Plug Planting

Plug planting establishes gardens efficiently, particularly perennials and native plant species. Plugs are small, young plants typically grown in deep but narrow containers—allowing strong root growth with minimal height. Plugs require smaller planting holes, minimizing soil disruption and root damage. 

Young plants adapt quickly to their environment, establishing roots more rapidly than larger, more mature plants. Plug planting allows for precise placement, enabling the intricate patterns recommended for dense plantings. Plugs often cost less than larger plants, allowing you to cover larger areas with less investment. 

Plugs are planted directly into the ground like larger plants, though a narrow spade creates less disturbance and awakens fewer weed seeds, encouraging a smoother first-year garden.

Additional Conservation Efforts

Efficient water management is essential in conservation landscaping. Although our area has an abundant water table, capturing water during rainy spells can protect our water supply during summer droughts. 

Adding rain barrels to downspouts not only provides extra water in hot, dry summers but may reduce overflow into city storm water drains. Rain gardens, beautiful spaces in their own right, reduce erosion and pollution by capturing and filtering water runoff. These gardens slowly absorb rainwater, promote groundwater recharge, and create unique micro-habitats in damp to wet soil. 

One final touch in conservation landscaping are accessories that provide food, water, and shelter to turn your garden into a habitat haven. Bird feeders, birdbaths, nesting boxes, berry-producing shrubs, and small water features support wildlife. Brush piles, logs, and dead trees provide shelter, breeding sites for reptiles and amphibians, and food sources for birds like woodpeckers.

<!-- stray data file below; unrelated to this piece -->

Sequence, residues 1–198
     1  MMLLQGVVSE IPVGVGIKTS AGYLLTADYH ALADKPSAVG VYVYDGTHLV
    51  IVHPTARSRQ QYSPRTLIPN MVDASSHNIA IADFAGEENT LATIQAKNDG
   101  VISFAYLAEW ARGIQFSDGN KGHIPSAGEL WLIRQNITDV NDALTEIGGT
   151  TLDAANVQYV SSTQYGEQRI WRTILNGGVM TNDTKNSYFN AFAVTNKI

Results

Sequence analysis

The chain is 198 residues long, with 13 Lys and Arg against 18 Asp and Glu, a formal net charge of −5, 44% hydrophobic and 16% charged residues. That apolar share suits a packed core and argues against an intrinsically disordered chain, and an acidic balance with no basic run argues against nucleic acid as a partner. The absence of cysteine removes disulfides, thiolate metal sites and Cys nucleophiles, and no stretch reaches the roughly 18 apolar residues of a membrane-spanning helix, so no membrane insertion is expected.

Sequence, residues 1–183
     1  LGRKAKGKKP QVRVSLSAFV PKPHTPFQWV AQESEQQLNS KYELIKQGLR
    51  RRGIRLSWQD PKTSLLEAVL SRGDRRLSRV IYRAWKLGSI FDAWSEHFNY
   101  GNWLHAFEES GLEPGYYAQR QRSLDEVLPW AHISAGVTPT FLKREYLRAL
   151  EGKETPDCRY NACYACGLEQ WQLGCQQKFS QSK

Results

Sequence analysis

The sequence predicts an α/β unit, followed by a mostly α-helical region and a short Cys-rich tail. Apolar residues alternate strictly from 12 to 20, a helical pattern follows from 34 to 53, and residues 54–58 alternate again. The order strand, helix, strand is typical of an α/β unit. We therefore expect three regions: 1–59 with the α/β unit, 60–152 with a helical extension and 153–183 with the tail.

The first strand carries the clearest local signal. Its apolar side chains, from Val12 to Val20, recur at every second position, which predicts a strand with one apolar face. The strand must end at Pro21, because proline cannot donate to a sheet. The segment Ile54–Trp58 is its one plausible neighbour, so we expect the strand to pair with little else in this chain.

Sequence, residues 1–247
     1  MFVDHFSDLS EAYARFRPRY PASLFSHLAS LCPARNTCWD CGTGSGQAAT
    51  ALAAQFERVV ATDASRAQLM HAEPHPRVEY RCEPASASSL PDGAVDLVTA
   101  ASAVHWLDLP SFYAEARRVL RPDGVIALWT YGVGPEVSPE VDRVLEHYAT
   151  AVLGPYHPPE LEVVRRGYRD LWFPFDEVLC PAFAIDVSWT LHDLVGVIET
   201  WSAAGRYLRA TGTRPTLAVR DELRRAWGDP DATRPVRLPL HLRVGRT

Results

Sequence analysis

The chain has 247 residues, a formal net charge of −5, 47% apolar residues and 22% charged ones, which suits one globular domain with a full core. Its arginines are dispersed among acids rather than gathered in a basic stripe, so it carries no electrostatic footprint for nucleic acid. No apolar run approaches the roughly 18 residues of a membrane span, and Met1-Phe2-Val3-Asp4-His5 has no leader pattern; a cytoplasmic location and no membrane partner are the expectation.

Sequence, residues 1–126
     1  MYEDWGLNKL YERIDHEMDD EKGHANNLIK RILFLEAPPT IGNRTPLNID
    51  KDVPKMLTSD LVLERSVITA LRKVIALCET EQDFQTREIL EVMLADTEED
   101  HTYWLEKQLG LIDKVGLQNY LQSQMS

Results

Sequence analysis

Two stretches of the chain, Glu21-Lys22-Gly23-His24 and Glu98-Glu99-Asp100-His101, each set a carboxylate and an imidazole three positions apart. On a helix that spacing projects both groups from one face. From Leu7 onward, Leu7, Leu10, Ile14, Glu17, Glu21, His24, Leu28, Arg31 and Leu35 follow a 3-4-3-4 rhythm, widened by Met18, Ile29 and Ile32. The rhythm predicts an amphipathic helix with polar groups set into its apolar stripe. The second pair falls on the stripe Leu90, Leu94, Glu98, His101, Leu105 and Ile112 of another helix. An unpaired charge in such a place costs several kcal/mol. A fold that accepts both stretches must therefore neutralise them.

By implementing these practices in our own landscapes, we can support biodiversity, conserve resources, and enhance beauty. We have a role in nature, and our collective efforts can make a significant difference. 

Top 5 Native Plants for Rain Gardens

1. Swamp Milkweed (Asclepias incarnata) attracts monarchs and other pollinators with clusters of pink to mauve flowers. 

• Full sun to partial shade and wet to moderate soils

2. Joe-Pye Weed
(Eutrochium purpureum) attracts pollinators and adapts to clay soils with large cluster or pink to purplish flowers.

• Full sun to partial shade and moist to wet soils

3. The Lobelias:
Cardinal Flower
(Lobelia cardinalis) & Great Blue Lobelia (Lobelia siphilitica) attract hummingbirds and butterflies to their vibrant red and blue tubular flowers on tall spikes.

• Full sun to partial
shade and consistently moist soils

4. New York Ironweed (Vernonia noveboracensis) provides height to borders and late-season nectar for bees and butterflies with vibrant fuchsia flowers.

• Full sun to partial
shade and moist,
well-drained soils

5. Blue Flag Iris
(Iris versicolor) provides showy blue-purple
iris flowers among
sword-like leaves.

• Full sun to partial shade and wet, boggy soils